Recently I've gotten back into playing Dungeons and Dragons. For those of you staring blankly at the screen, Dungeons and Dragons is a tabletop fantasy role playing game. (Not the sexy kind, for you random perverts who may have accidentally wandered on to my blog...an actual turn-taking, dice-rolling type of game.) Each person plays a specific character with different abilities, personalities, races, and classes/jobs. Another person is the Dungeon Master (DM) and they are basically the storyteller, other characters or bad guys, and the referee/rule keeper.
My first introduction to D&D was as a young child. My Dad started out playing the original game with friends and family and when I was old enough, I went along with him. I poured over my his manuals and papers - especially the Monster Manual - and the game really intrigued me. I mainly watched, but occasionally played a monster or sidekick. When I was in High School, D&D became popular again amongst my group of geeky-minded friends. However, many of them became so concerned with the rules and legalities that it no longer became fun. I drifted away from it and basically forgot about D&D until some of my cousins started playing at a local library group. I couldn't join them since they meet during the week (and it's quite a drive) so another one of my cousins and I started talking about starting up our own little group within our family. I have four cousins who play, along with my Dad who DMs. (Hopefully I will eventually be able to DM as well...I just have to find some time to do some more studying and brushing up on my skills.)
So why do I play? I've had several people tell me recently that they can't believe that I as a mother and wife would be such a "geek." (They obviously do not know me very well. I have a whole section of posts on here related to the subject of geekery.) They cannot understand why I'd want to sit around for hours playing a game where you just roll dice and make up stories. I think they don't realize that D&D is a lot more than that, at least to me:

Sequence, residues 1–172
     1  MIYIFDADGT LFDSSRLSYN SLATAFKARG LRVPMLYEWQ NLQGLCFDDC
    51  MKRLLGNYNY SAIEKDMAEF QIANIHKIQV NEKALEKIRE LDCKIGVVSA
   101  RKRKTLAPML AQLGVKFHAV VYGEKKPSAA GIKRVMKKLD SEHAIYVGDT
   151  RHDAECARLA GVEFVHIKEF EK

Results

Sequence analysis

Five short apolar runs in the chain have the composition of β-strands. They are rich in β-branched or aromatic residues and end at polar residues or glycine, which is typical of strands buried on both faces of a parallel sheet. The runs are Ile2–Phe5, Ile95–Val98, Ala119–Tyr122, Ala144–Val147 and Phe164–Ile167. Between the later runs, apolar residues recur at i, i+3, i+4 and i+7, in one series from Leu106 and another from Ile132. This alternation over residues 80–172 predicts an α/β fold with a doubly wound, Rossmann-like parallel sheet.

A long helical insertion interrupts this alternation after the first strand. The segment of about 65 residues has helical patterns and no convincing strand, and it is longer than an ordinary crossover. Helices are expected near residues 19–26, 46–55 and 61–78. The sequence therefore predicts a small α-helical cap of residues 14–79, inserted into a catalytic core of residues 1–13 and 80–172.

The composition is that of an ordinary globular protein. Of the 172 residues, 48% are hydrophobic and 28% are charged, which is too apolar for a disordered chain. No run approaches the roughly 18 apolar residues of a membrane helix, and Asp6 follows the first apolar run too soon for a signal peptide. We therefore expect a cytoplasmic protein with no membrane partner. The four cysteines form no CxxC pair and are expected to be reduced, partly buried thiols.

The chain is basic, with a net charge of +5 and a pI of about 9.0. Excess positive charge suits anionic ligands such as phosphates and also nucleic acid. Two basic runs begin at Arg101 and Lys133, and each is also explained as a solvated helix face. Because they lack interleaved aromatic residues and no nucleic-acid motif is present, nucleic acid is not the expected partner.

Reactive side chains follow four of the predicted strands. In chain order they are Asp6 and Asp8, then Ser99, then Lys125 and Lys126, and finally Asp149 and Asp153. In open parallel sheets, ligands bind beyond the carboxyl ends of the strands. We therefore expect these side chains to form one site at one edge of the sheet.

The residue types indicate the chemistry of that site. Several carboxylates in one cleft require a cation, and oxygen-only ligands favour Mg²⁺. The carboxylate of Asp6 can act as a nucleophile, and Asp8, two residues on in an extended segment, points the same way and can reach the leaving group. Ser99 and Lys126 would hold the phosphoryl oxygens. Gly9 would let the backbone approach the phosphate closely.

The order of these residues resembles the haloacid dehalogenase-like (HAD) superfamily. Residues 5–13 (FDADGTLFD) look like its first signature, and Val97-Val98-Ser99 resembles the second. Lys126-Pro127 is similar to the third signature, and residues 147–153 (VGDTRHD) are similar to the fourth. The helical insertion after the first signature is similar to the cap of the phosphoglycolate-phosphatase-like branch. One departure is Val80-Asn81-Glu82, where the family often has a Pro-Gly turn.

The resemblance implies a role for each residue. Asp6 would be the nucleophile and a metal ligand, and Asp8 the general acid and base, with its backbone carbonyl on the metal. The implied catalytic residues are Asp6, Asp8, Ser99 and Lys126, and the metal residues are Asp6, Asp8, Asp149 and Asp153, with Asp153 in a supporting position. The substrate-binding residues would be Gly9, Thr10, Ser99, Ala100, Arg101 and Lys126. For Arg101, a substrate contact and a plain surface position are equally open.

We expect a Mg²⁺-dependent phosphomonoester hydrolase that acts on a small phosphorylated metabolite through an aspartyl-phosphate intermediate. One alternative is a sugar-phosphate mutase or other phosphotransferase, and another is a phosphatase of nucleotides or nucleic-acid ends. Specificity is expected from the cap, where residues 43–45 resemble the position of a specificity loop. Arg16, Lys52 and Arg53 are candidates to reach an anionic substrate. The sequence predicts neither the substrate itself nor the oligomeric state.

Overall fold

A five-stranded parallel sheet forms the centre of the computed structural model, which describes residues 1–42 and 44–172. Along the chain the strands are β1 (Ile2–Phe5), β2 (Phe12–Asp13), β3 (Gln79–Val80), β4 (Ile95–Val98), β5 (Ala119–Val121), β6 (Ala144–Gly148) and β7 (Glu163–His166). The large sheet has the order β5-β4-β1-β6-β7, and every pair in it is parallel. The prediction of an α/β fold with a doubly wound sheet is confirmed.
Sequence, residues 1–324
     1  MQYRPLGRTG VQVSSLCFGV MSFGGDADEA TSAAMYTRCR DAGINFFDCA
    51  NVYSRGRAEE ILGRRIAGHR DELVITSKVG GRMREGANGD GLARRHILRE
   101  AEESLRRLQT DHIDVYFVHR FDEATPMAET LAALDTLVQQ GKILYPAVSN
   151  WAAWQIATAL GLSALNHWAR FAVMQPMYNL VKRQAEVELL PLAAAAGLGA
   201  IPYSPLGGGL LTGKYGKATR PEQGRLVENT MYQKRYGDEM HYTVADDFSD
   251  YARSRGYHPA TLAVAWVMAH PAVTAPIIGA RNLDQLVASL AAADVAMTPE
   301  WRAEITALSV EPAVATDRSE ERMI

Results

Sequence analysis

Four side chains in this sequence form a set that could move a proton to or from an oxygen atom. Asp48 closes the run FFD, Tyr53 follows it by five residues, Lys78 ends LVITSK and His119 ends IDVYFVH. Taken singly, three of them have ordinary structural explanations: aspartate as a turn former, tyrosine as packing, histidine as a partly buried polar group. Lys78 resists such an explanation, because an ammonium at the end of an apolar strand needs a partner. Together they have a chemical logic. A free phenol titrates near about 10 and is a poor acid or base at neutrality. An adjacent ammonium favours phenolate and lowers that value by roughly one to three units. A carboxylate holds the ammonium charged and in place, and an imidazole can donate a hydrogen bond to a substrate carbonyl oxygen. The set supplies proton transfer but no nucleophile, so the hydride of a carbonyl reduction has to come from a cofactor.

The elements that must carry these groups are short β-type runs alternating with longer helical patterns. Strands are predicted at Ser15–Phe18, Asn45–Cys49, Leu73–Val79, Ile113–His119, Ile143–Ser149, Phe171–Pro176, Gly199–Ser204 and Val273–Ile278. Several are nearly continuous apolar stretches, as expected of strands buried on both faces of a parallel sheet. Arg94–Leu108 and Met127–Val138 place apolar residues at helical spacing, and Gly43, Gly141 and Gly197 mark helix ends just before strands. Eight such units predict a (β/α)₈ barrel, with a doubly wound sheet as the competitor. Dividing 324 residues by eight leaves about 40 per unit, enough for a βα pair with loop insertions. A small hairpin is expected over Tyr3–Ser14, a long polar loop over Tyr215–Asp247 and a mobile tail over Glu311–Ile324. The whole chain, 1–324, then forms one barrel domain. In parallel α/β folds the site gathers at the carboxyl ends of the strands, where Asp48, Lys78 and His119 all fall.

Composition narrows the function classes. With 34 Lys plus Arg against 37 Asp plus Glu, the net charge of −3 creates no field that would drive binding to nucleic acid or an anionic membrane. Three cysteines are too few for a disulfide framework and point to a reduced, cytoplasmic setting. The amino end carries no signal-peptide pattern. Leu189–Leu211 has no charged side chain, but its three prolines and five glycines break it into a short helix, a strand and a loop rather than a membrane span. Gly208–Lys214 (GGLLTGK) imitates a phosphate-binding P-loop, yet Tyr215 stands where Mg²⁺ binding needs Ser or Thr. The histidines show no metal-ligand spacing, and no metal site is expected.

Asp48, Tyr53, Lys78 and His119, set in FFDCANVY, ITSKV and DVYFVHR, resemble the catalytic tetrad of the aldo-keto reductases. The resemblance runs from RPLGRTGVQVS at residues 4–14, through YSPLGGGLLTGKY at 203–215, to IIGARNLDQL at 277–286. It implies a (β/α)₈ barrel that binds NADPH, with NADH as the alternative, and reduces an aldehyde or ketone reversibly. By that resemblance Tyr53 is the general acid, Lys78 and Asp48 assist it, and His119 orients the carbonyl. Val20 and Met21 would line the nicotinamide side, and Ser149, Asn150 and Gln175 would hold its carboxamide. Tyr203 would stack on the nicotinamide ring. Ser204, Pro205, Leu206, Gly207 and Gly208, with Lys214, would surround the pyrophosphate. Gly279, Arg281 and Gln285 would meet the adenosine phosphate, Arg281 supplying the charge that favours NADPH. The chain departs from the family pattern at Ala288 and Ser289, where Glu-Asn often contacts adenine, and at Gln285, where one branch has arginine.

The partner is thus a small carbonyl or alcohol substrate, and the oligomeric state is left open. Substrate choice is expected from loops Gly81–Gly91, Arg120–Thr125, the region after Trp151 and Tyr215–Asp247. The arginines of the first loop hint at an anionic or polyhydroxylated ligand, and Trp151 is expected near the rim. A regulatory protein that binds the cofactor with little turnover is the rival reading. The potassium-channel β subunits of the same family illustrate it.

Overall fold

- Dungeons and Dragons requires imagination. Your characters are explorers in a relatively unknown world, who get to go on fantastic adventures. You meet strange and sometimes scary creatures. Yes, we are sitting at a table, rolling dice, writing things down, looking at books or pictures...but we're also imagining those worlds and creatures in our mind's eye. We're discussing what we would do in that situation, given our resources. We get to make choices based on those and see what happens.
- In addition to requiring imagination, D&D also requires that you play a part, or act. Your character is going to have certain abilities or weaknesses and you get to act out what they do accordingly. You also learn to expect the unexpected. The character I've been playing recently is a rogue, or thief. She's pretty dexterous and nimble, but the dice aren't always in agreement. Upon sneaking through a castle, my rogue decided to quietly sneak into a room. I rolled a critical failure (i.e. a ONE) and ended up blowing the door open, somersaulting into the room, and alerting everyone in there to my presence. Not quite as stealthy as I had planned....
- Throughout the game you get to solve problems, puzzles, or riddles. The quest you're on may require you to get information from someone, follow a map, or find a hidden treasure or tower. You may come up upon a trap and have to figure out how to get around it or through it. Or you have to figure out how to outsmart or out-move a creature blocking your path. You also learn battle/combat strategy - how you can use your abilities best, help out your fellow comrades, or how to overcome your weaknesses.
- My cousins are getting older and although we all grew up basically within blocks of each other, we're spread out more now. We all have our own families, responsibilities, and activities so we don't get to see each all that much, sometimes only at holidays. This is a wonderful time for us to get together, visit with one another, and have fun.
- The "have fun" part I mentioned? Yeah, we have a lot of that. We laugh, develop inside jokes, sometimes do completely off the wall things, and just enjoy playing the game together. After we got home from playing at my parents house one time, I was having this horrible pain in my stomach. I realized that part of it was probably from the seventeen cans of pop I consumed (a slight exaggeration), the pizza, the pretzels, the chips, the cake, and seven hundred cookies. (Probably not an exaggeration on that last one, though....) But it didn't feel like that type of pain really. I finally realized it was from laughing! Seriously...I pulled a muscle, laughing!
- My eldest son has started playing with us. I like having him join in because it reminds me of me as a little kid. He doesn't get it completely but I love his enthusiasm. He's already a pretty imaginative kid and he really enjoys being with the "big kids" and getting to play along. I'd rather him sit and play with us and use his imagination rather than mindlessly sit in front of a television set.